What services do you provide?
Bluering is a fintech company specialized in digital lending and credit risk solutions. We help banks offer modern lending services to the marketplace, thus enabling their process of digital transformation. We also help banks comply with regulations and meet credit risk requirements like Basel III and IFRS 9 (International Financial Reporting Standards). We offer products for banks that cover the whole range, from corporate and SME credit to retail lending.
What are the biggest strengths of the product you offer?
Our biggest strengths are the comprehensiveness and flexibility of the solution we offer. We are able to implement a comprehensive solution that applies to the full range of services covered by any commercial bank, including risk rating, credit scoring, workflow automation, and the definition of credit policy. Our product is also extremely flexible because it can operate in completely different organization structures and credit policies, thus accommodating different banks in different markets. We have the full intellectual property on any code we developed. We are also at the forefront of innovation and technological developments.
Do you plan to solidify your presence abroad?
We are market leaders in the Levant and looking to expand into neighboring regional markets such as the GCC, North Africa, and Nigeria. Our long-term vision is to become a major global player in the credit risk arena. First, we intend to strengthen our positioning in markets that are similar to the Lebanese one to leverage the necessary resources to later access developed markets. Moreover, since 2014 we have partnered with Standard & Poor's (S&P) to become the software platform of its risk rating models they offer to banks globally. This partnership, coming from a global market leader in credit risk, is an important endorsement for us and has cemented our reputation in the region.
How would you rate the process of digital transformation among banks, globally and in Lebanon?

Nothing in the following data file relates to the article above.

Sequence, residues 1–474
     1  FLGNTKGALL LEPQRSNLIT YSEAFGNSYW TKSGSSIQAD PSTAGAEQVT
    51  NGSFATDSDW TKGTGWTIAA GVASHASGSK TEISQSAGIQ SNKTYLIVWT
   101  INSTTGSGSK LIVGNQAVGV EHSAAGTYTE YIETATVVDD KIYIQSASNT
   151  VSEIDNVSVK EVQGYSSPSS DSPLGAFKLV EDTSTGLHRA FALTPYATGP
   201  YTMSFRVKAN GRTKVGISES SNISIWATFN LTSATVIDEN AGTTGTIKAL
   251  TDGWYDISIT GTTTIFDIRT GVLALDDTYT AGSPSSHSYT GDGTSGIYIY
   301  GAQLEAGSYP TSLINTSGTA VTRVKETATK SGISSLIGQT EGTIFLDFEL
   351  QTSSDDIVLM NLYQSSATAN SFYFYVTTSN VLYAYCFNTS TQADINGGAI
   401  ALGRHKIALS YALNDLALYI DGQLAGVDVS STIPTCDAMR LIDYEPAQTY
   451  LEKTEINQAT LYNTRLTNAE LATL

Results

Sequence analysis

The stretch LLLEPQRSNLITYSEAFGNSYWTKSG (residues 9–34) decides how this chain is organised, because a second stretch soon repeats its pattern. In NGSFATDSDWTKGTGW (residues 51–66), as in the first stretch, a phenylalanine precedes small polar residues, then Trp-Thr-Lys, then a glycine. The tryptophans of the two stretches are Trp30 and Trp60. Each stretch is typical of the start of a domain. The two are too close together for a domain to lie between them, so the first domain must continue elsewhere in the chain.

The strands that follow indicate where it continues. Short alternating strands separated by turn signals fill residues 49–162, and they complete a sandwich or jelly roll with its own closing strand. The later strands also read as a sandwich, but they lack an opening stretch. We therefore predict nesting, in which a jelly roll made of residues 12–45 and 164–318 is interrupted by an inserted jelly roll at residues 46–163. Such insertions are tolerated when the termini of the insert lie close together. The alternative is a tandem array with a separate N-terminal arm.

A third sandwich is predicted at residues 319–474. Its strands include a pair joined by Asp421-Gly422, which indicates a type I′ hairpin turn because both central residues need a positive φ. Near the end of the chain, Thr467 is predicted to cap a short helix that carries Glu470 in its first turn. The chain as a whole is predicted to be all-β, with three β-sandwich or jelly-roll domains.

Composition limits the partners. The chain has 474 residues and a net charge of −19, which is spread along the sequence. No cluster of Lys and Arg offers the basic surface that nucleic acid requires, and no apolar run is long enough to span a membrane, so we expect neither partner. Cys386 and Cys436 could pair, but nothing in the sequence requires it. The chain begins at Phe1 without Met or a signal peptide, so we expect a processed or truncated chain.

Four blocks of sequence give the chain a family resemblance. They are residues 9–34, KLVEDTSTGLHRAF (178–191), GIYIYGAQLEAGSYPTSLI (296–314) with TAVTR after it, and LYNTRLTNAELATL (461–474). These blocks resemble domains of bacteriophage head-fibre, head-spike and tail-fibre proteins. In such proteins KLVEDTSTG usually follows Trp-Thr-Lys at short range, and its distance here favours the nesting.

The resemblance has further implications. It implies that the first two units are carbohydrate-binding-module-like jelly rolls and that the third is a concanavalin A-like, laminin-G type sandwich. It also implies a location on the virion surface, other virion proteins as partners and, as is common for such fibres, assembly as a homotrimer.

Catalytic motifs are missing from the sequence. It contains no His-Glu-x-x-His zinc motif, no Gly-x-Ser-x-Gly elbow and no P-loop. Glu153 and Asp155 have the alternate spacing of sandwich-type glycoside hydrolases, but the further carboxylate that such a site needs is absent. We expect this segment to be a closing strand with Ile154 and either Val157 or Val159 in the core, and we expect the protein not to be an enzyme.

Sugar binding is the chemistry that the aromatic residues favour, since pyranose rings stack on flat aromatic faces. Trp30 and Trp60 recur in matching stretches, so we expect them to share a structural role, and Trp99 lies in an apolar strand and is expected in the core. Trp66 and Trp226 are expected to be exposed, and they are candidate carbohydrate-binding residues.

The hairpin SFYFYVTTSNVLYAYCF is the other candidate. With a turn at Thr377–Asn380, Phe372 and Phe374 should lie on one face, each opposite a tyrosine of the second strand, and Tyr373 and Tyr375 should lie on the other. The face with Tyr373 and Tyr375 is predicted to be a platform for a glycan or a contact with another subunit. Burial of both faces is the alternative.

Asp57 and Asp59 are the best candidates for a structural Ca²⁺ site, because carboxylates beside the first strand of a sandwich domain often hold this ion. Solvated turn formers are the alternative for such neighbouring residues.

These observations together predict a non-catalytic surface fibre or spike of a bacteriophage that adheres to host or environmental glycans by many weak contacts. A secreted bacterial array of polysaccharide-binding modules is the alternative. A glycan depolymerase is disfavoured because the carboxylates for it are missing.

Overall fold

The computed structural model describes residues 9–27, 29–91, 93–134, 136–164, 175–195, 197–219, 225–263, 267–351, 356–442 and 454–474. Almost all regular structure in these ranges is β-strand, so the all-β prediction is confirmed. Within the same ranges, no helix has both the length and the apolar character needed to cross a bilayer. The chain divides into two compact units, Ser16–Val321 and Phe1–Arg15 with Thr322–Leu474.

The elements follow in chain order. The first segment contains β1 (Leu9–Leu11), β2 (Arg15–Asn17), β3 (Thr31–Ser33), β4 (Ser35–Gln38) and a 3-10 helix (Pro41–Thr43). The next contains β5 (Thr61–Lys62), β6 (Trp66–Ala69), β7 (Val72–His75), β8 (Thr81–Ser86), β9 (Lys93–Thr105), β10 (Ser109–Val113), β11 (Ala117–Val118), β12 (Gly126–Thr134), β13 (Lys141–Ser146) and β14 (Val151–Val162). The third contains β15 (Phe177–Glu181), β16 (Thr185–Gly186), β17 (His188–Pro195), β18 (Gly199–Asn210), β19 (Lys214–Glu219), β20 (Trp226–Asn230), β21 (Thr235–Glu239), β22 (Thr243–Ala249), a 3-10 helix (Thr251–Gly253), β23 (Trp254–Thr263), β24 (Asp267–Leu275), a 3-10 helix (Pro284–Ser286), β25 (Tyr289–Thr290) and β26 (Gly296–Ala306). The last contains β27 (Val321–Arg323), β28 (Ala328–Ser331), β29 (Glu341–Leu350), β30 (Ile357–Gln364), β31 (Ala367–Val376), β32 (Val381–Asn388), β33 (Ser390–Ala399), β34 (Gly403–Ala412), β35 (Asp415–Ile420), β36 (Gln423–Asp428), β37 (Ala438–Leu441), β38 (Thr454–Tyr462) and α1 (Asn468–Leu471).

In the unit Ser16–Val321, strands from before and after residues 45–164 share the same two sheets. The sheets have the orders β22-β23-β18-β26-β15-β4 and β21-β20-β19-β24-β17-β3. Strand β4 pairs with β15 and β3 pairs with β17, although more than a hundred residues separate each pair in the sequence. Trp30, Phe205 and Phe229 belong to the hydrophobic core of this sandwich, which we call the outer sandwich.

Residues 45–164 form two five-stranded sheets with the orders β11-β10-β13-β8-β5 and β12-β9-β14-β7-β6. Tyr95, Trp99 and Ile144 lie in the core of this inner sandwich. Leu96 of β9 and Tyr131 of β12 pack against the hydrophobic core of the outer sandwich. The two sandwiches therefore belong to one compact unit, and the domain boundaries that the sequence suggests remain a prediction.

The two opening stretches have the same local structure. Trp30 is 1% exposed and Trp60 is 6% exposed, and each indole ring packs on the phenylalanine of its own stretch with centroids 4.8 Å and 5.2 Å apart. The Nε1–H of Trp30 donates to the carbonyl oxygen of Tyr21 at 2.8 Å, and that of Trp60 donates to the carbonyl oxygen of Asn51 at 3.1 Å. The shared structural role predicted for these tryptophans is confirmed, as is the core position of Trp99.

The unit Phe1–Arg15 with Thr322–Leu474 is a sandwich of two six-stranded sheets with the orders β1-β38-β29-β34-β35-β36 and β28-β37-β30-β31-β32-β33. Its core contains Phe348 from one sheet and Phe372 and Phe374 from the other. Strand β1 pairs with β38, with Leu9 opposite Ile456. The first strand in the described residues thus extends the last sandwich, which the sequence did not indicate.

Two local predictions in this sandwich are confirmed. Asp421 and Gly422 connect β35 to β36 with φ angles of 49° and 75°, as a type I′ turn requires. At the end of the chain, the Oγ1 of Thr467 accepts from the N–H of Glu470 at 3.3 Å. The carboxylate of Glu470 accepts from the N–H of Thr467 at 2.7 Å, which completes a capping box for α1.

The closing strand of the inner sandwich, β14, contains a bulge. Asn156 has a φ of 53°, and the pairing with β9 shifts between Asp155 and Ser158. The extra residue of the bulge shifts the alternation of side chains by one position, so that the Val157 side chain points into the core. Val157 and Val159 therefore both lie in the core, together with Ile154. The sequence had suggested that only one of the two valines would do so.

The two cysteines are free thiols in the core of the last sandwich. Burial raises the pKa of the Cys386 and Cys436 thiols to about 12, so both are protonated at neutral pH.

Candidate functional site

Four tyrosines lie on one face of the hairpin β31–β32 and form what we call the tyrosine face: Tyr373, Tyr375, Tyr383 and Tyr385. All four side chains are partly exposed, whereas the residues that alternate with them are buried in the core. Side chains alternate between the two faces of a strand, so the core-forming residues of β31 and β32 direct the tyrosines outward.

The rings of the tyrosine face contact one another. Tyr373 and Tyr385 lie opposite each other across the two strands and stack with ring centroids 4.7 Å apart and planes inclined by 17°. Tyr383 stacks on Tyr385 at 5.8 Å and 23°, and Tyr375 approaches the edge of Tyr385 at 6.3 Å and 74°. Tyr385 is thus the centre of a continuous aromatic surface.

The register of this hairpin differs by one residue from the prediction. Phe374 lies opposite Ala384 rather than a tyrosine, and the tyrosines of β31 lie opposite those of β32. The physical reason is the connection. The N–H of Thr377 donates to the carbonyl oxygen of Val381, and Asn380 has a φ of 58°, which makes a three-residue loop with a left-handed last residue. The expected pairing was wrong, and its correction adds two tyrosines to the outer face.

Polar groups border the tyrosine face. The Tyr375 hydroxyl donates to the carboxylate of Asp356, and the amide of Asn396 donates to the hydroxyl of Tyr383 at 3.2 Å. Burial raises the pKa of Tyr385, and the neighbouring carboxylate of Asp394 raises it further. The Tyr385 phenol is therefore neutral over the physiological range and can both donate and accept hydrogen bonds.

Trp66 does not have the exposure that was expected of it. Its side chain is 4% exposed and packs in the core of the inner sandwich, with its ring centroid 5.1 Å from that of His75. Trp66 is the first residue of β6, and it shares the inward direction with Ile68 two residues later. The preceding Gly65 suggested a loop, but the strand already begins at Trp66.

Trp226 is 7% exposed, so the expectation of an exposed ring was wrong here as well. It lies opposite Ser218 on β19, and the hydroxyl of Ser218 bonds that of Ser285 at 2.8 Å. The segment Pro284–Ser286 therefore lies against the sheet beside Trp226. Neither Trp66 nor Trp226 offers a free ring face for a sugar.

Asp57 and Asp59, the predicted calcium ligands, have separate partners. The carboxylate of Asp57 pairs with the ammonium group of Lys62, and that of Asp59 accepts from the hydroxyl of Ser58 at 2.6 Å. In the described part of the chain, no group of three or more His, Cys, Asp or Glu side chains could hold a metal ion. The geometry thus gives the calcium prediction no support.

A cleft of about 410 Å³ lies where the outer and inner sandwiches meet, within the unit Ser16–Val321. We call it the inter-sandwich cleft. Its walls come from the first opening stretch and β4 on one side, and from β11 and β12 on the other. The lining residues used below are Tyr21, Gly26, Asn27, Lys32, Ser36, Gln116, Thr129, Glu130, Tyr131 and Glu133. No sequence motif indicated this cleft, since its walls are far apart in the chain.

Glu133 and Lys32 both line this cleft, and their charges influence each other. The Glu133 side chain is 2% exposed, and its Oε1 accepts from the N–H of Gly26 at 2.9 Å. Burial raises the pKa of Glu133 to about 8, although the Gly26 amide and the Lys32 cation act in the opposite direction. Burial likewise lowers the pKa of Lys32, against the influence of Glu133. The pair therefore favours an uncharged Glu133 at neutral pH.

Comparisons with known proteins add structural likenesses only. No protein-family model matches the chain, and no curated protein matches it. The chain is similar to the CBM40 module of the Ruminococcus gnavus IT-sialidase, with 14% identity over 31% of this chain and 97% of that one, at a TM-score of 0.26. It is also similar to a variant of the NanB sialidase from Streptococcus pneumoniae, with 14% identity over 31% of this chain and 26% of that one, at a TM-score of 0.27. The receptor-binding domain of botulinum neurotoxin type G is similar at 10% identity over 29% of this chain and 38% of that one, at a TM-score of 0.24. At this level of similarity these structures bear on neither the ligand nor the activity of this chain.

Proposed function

Digitalization is a global phenomenon. Banks across the globe have been facing the challenge brought by fintech, incorporating elements of digital transformation into their model. At the moment, however, automation and digital transformation are more relevant to retail than corporate credit. While corporate credit accounts for three-quarters of the total lending portfolio, this involves a smaller number of customers. Retail credit, on the other hand, comprises an ever-growing number of customers and transactions that need to be automated to cut costs. With regard to Lebanon, banks are generally neither aggressive nor receptive in terms of digital transformation. Given the difficult conditions of the market, investing in digitalization should have represented an important asset for Lebanese banks. Sadly, however, digitization is not moving at the pace it should, which is related to the overprotective regulatory environment. This reduces pressure on local banks to increase their investments. All of this is reflected in the volume of our Lebanese operations, which does not exceed 20% of our total revenues.
What is your opinion of the effect of Circular 331 on the knowledge economy?
We started the company from scratch in 2007, long before the support channeled through Circular 331 came from the Central Bank. This was all the more challenging since we were selling our services to banks, which had the resources to purchase from any large international supplier. Nevertheless, we gradually succeeded in growing the company and creating a name for ourselves in the region. The start-up ecosystem considerably changed after 2014, when Circular 331 was issued, whose biggest accomplishment was to establish equity participation for banks in start-ups.